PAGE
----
Literature Notes #005

My notes as a reader on:

Matthew B. Crawford – The World Beyond Your Head – Chapter 4

I must preface this with my general stance on philosophy and self-help books. You can find good ideas anywhere, just be aware everything is flawed. No book will ever take the burden of initially then repeatedly taking action, making corrections and overall living and learning from mistakes from you. No book will be the perfect guide for anybody. But who knows what you will discover for yourself from the book before you so give it a go!

I can’t tell whether Crawford’s book is moving me as much as it does because it resonates with me so well or because my defenses are weakened from morning sessions of reading Schumann’s book on writing. Today, starting and not yet finishing chapter 4, was a particularly fruitful reading session for me. I love reading about human perception as all my crafts depend on it. What arrived in my head today, not necessarily what was on the pages, is this:

As much as we would like to escape our body, nature, the material world itself, the limitations of our mind and imagination even, we are still anchored to this reality. We at least originate in it and are built for it. A consequence of this is that we have a taste for reality; we relate to it on a level that is deeper than we might like to admit. Art that captures it moves us. In our most primitive form we are a moving body and no matter how domesticated, our brain thinks like one. For example, we have the easiest time imagining our own body as the center for any measure of distance. Things are left or right or in the front or behind us.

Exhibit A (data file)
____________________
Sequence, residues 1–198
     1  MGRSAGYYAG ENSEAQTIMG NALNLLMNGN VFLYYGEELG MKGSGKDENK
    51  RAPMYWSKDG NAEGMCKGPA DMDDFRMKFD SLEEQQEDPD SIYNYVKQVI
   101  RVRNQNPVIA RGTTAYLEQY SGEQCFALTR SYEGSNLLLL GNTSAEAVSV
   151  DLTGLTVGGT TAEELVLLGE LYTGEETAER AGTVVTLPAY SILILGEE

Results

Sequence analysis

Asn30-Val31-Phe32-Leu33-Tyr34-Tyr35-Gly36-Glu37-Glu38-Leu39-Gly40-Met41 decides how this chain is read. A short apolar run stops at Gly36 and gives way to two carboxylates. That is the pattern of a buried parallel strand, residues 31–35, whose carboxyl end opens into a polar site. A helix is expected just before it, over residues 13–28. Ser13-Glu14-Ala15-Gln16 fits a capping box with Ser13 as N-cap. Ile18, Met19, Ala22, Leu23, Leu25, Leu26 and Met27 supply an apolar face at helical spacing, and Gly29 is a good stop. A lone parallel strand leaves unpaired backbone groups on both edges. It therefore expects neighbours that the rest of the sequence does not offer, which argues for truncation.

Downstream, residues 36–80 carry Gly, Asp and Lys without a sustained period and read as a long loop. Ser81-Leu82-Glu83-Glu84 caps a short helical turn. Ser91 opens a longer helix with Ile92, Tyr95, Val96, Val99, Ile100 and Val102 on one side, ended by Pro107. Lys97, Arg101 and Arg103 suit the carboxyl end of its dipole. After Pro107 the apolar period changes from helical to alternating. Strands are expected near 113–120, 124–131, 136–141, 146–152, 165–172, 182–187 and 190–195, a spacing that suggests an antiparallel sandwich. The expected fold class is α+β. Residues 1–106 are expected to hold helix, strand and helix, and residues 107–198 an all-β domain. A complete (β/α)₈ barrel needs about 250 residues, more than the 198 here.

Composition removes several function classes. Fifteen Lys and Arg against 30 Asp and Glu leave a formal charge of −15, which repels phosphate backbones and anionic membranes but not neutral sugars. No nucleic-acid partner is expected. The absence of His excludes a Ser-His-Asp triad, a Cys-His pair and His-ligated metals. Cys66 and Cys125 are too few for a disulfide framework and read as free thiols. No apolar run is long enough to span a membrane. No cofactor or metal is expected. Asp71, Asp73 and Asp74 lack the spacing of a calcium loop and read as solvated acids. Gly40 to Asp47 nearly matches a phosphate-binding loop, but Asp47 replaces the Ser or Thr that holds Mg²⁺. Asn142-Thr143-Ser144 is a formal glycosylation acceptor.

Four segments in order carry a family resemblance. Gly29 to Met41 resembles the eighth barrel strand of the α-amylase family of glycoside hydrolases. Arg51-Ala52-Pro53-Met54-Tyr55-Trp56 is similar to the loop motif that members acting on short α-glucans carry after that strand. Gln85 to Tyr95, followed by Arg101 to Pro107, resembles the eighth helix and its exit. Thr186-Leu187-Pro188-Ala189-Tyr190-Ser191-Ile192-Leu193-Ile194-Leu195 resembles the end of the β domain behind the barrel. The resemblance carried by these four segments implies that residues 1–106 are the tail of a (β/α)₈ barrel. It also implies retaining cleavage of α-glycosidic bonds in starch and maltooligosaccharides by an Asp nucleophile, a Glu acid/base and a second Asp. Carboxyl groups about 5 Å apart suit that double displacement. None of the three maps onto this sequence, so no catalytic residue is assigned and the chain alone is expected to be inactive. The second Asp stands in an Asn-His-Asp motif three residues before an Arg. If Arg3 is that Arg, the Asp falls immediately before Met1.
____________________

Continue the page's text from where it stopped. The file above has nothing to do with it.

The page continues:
For me as an artist this is thrilling news. My options how to show a world or any space really are melting. The most natural thing that there is is an ego perspective, we see like this every day. Next to it comes a „natural“ eye level and angles. What is a camera? What is a camera in essence if not an ego perspective view of something or someone looking onto a scene? I was looking at and constructing all my pictures wrong. This also seems like a huge help when visualizing things, starting out with oneself as the center of a imaginary place. I’m afraid I will need some time to cope with what I learned today and test the thesis thoroughly.

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